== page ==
Starting Jan. 1, 2014, the Affordable Care Act (ACA) requires most people to have a certain level of health care coverage or else pay a tax penalty (known as a “shared responsibility payment”). Recently, the IRS finalized regulations that provide guidance on the individual mandate and outline nine classes of people who are exempt from the penalty.
In 2014, the penalty is up to 1% of taxable income (but not less than $95). By 2016, the penalty will grow to a maximum of 2.5% of taxable income (but not less than $695).
Don’t rely on the fact that you’re covered by your employer’s health plan. You’ll still owe a penalty if the plan fails to provide a basic level of health insurance, known as “minimum essential coverage.”
Unless you’re exempt (see below), you must purchase or receive minimum essential coverage or pay a penalty. The insurance must cover you as well as any nonexempt dependents you claim on your tax return.
Minimum essential coverage means coverage under a government-sponsored plan (such as Medicare or Medicaid), an eligible employer-sponsored plan, a plan in the individual market (generally purchased through one of the newly established Health Insurance Marketplaces) or a plan that has been grandfathered under federal law.
Most employer-sponsored plans meet this standard, so long as they cover basic preventive services and have no annual or lifetime dollar limits on benefits. But a plan that provides only dental or vision benefits, or coverage only for a specified disease or illness, is not sufficient.
The final regulations clarify that eligible employer-sponsored plans include self-insured plans as well as plans offered by an organization acting on an employer’s behalf.
The final regulations exempt the following nine classes of individuals from penalties:
- Members of a recognized religious sect or division who are eligible for a religious conscience exemption,
- Members of health care sharing ministries,
- Exempt noncitizens (nonresident aliens or noncitizens unlawfully present in the United States),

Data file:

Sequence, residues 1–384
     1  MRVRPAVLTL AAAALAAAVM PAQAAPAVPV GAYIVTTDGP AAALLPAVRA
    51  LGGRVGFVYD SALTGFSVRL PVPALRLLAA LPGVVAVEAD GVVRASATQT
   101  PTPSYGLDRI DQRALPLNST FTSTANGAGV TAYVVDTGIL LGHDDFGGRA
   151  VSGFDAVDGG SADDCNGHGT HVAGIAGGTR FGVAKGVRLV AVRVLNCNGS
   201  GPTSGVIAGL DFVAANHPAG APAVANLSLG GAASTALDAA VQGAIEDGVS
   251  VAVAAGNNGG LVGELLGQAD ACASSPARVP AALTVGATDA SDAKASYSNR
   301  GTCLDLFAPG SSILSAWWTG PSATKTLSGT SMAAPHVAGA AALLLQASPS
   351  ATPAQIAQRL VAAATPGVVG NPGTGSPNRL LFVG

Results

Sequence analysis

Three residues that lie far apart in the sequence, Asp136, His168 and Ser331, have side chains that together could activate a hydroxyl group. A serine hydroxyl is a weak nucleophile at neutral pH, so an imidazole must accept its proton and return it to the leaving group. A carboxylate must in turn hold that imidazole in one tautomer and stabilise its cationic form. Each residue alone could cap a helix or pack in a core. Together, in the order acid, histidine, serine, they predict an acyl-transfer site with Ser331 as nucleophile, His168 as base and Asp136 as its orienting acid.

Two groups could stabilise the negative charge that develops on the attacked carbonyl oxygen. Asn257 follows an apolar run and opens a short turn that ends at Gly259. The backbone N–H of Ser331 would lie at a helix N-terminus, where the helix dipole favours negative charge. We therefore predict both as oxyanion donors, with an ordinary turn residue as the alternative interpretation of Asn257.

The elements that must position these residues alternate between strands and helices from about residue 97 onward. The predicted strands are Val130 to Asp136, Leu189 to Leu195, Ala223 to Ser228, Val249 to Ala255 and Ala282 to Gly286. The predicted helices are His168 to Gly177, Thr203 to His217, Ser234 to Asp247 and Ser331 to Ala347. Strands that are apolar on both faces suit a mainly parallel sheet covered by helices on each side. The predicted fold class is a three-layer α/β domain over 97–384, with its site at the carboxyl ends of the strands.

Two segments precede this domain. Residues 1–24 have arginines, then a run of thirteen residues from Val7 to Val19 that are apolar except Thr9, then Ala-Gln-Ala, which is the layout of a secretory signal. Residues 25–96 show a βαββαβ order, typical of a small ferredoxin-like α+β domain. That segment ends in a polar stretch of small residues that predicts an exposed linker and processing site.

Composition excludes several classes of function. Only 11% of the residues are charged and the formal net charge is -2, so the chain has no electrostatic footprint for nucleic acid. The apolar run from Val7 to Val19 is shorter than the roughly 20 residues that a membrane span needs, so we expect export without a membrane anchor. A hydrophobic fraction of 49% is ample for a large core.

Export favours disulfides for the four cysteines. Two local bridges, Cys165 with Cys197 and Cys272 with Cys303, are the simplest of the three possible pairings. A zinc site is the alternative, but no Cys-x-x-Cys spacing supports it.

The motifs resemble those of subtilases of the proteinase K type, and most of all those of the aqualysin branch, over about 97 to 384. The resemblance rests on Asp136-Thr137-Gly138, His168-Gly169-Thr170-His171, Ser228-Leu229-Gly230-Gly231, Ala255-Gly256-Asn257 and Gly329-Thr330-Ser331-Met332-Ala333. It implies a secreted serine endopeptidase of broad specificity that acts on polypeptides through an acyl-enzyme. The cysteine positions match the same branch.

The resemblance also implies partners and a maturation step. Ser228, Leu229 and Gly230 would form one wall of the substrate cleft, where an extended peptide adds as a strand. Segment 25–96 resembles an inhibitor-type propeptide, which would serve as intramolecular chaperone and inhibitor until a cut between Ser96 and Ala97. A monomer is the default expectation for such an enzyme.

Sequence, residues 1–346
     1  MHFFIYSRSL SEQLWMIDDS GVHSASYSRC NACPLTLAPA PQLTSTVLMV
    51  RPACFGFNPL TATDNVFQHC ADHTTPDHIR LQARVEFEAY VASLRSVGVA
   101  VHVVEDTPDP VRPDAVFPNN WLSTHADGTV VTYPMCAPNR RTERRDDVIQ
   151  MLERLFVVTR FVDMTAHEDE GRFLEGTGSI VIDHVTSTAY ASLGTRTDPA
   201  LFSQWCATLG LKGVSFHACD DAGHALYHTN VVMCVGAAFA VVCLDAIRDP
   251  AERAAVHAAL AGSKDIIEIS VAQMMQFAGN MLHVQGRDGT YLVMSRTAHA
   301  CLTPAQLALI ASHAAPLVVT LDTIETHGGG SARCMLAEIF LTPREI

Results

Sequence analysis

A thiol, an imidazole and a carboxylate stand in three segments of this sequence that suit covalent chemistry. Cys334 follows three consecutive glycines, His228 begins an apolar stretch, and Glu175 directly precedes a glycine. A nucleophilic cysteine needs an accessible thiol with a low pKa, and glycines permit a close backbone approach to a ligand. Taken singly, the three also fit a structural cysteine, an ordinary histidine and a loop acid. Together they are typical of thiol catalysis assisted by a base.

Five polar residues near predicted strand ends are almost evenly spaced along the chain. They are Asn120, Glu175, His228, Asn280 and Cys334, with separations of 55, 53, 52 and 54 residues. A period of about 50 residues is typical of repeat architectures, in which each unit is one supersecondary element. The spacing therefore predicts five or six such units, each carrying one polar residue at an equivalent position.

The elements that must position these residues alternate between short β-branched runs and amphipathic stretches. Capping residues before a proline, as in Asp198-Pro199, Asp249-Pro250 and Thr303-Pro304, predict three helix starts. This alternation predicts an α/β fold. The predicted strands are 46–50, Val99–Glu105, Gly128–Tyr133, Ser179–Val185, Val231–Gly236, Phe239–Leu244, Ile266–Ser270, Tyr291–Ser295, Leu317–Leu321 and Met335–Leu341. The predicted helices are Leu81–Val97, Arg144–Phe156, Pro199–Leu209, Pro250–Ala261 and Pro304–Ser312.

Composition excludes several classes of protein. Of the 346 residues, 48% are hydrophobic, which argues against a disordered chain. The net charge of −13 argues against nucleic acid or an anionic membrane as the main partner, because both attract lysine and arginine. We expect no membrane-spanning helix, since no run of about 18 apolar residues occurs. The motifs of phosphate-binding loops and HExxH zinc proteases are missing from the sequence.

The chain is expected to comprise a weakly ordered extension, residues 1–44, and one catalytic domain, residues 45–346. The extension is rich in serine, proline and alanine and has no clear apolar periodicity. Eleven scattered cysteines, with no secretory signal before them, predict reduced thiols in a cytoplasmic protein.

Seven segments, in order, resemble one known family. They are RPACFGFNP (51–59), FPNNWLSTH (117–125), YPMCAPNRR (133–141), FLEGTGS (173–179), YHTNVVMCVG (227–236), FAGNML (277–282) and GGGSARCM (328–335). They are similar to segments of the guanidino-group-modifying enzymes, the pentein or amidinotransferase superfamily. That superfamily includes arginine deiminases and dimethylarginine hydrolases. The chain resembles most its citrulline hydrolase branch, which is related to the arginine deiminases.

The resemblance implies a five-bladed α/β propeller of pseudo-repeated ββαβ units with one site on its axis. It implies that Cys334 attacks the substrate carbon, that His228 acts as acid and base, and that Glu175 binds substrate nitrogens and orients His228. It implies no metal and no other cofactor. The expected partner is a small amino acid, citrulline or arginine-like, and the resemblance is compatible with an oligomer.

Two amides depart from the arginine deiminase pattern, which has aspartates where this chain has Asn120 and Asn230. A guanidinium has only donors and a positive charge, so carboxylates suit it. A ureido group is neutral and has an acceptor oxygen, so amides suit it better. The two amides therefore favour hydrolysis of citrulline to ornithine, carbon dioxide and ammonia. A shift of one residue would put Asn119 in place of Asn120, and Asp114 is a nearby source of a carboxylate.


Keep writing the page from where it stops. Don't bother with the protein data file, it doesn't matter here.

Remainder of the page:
- Incarcerated individuals,
- Individuals who can’t afford coverage — that is, for whom the cost of minimum essential coverage exceeds 8% of household income,
- Individuals whose household income is below the tax return filing threshold,
- Members of Indian tribes,
- Individuals with short gaps in coverage (generally less than three consecutive months), and
- Individuals who qualify for a hardship exemption.
Under the final regulations, religious conscience and hardship exemptions are available only by applying for an exemption certification through a Health Insurance Marketplace.
What constitutes hardship?
Hardship is determined on a case-by-case basis for those who face unexpected personal or financial circumstances that prevent them from obtaining coverage.
The final regulations list certain situations that will always be treated as a hardship, including 1) when a Health Insurance Marketplace projects that an individual won’t be able to obtain affordable coverage, and 2) when an individual would be eligible for Medicaid but for his or her state’s decision not to expand Medicaid eligibility.
Keep an eye on regulatory developments in the coming months. The IRS may provide additional guidance on the individual mandate, including whether certain employer-provided programs — such as health reimbursement arrangements and wellness programs — qualify as minimum essential coverage.
If you have any questions regarding this article, please contact Friedman LLP at email@example.com or 877-538-1670.